As the cost of property continues to rise faster than wages, the ability to get a deposit together is getting more challenging. For those that have children who are struggling to get into the property market, it’s natural to want to help. But what are the best ways to do it?
Give them money
This is the simplest method – no strings attached cash in the bank. Your children can buy what they want, when they want and you won’t be disappointed if you don’t see the money again because you haven’t set any expectations. This option, however, is only applicable if you have so much money that you’re happy to give it away. Be aware that some banks will still want to see a record of savings, so make sure your children have a good mortgage broker to help them navigate the right lending options.
Lend them money
Much better for you than simply giving it away, you can lend money to your children with the expectation that they’ll pay it back. Whatever you agree to, make sure you have it in writing because sometimes things do go wrong. If you don’t feel comfortable getting your children to sign a loan contract, consider it protection for the family. If they divorce or have business troubles, the family should be able to get the money back before the assets are sold and divided up.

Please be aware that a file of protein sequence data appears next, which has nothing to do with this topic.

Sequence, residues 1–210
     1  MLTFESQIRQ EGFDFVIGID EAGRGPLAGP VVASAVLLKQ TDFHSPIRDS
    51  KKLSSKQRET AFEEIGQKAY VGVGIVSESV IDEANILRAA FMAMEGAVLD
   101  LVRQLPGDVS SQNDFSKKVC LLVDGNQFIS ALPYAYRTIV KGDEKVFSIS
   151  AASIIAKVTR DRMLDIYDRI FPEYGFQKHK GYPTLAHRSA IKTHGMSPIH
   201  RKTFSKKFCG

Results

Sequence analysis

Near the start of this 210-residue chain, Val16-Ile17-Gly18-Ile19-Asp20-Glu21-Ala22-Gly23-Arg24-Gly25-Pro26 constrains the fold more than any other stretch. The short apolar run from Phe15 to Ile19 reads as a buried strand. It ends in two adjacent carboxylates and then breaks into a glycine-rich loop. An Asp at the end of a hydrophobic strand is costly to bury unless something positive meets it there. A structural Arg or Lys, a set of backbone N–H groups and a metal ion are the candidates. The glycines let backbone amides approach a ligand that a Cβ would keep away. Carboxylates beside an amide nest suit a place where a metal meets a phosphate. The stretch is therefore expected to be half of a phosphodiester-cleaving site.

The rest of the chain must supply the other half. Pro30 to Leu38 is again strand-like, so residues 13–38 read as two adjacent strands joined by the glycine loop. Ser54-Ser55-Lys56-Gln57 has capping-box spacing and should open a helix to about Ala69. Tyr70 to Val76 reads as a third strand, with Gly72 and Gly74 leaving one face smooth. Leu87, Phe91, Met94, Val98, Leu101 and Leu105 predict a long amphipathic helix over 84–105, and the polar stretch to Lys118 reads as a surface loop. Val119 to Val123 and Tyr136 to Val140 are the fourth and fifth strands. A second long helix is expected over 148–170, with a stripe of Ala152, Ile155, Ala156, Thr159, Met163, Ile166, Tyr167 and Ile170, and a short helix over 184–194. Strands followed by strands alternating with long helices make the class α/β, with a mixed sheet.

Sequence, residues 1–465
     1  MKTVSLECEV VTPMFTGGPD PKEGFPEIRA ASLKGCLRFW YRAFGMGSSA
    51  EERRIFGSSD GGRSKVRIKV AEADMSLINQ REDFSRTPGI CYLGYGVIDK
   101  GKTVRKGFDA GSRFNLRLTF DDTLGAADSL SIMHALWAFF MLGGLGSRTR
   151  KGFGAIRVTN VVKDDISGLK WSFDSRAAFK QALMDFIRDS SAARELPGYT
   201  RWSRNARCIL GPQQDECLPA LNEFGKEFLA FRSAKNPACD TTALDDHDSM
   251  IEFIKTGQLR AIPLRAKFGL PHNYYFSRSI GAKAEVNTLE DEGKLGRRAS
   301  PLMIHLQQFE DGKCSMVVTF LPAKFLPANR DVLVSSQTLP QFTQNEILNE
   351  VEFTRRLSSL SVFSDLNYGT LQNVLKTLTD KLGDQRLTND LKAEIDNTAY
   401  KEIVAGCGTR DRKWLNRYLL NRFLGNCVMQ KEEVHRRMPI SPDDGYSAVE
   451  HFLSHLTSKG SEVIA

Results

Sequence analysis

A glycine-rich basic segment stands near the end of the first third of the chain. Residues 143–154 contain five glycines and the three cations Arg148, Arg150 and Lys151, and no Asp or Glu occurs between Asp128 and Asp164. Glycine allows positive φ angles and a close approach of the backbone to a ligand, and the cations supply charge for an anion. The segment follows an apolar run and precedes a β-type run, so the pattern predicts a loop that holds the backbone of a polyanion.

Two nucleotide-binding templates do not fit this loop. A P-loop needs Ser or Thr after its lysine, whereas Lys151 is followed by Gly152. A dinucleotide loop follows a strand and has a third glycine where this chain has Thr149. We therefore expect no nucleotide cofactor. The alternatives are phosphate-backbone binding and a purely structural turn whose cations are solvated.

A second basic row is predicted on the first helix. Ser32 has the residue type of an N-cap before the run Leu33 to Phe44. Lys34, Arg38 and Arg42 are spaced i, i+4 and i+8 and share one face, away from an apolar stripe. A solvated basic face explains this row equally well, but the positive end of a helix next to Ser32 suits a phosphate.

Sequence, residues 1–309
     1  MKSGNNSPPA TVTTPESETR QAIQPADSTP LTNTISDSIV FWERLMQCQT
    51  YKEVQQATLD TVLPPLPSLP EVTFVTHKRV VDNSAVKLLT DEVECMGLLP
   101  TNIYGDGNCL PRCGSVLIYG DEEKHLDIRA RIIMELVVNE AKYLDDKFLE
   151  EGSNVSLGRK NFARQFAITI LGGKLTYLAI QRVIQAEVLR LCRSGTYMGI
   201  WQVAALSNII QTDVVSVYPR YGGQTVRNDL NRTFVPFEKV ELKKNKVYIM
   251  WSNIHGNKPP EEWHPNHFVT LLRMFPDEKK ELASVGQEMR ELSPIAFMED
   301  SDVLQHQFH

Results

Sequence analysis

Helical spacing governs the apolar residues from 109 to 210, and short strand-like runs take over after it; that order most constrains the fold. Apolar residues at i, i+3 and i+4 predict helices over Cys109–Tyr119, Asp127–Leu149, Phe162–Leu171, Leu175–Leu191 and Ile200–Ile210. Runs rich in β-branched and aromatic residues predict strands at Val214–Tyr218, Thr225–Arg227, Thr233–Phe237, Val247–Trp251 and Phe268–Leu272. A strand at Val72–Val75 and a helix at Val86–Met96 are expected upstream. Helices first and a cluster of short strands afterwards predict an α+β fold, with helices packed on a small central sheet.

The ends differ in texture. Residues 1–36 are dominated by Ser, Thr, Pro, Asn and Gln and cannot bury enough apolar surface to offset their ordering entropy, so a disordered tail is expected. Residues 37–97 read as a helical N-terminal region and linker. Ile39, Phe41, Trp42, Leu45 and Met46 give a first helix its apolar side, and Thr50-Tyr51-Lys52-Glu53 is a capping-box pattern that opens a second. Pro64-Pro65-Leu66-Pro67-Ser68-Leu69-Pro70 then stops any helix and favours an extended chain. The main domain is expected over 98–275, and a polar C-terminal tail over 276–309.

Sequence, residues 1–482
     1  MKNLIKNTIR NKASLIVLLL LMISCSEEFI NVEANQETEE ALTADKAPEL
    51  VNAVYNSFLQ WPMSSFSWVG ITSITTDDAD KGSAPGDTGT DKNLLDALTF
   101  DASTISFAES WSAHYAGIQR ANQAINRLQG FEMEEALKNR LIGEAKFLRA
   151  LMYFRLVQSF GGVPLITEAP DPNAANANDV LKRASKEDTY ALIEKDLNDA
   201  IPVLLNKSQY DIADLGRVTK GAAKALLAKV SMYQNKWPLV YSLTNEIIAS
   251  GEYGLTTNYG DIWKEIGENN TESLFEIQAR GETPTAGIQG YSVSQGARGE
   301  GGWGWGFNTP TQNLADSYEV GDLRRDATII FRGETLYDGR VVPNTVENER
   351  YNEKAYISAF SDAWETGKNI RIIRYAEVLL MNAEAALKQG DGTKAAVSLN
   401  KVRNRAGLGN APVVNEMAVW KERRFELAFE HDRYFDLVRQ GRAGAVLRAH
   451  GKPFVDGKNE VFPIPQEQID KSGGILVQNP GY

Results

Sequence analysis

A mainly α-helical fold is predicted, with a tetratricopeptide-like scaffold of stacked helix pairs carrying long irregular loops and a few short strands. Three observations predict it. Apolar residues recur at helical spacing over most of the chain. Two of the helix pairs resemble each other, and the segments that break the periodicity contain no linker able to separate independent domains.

Match their savings
When you’re young and trying to save up for a first home deposit, your income may not match your ambition. Saving a high percentage of your salary is as much as anyone can do, but sometimes it’s just not enough. A great way of helping a child out is to match their savings. For example, for every dollar they can save, you’ll put in two. In this case, to get together a $100,000 deposit, they’ll only need to save $33,000. Still a big challenge, but you’re bringing the goal a lot closer to them without taking away the hard work and achievement.
Offer a family guarantee
One of the most popular ways of helping the next generation into the property market is sharing your house equity with your children. A bank will take security over your property for the deposit and costs and then lend up to 100% of the purchase price plus costs to your children. If something goes wrong, you’ve guaranteed up to 20% and costs, but the rest of the debt will sit with your children. If you’ve taken comfort in getting the deeds to your property back, this may be a bit of a stretch. But if you’re comfortable that your children can afford the property and are responsible with money, it might work well for you all.
Tell them to suck it up
Finally, you may not be able or want to help your children into the property market. If something goes wrong and you’ve lent money or offered up equity in your house, it could set back your retirement plans. It’s great to help out your children, but not at the expense of your own financial future. Make your decision carefully and get advice along the way to make sure that you’re aware of your options.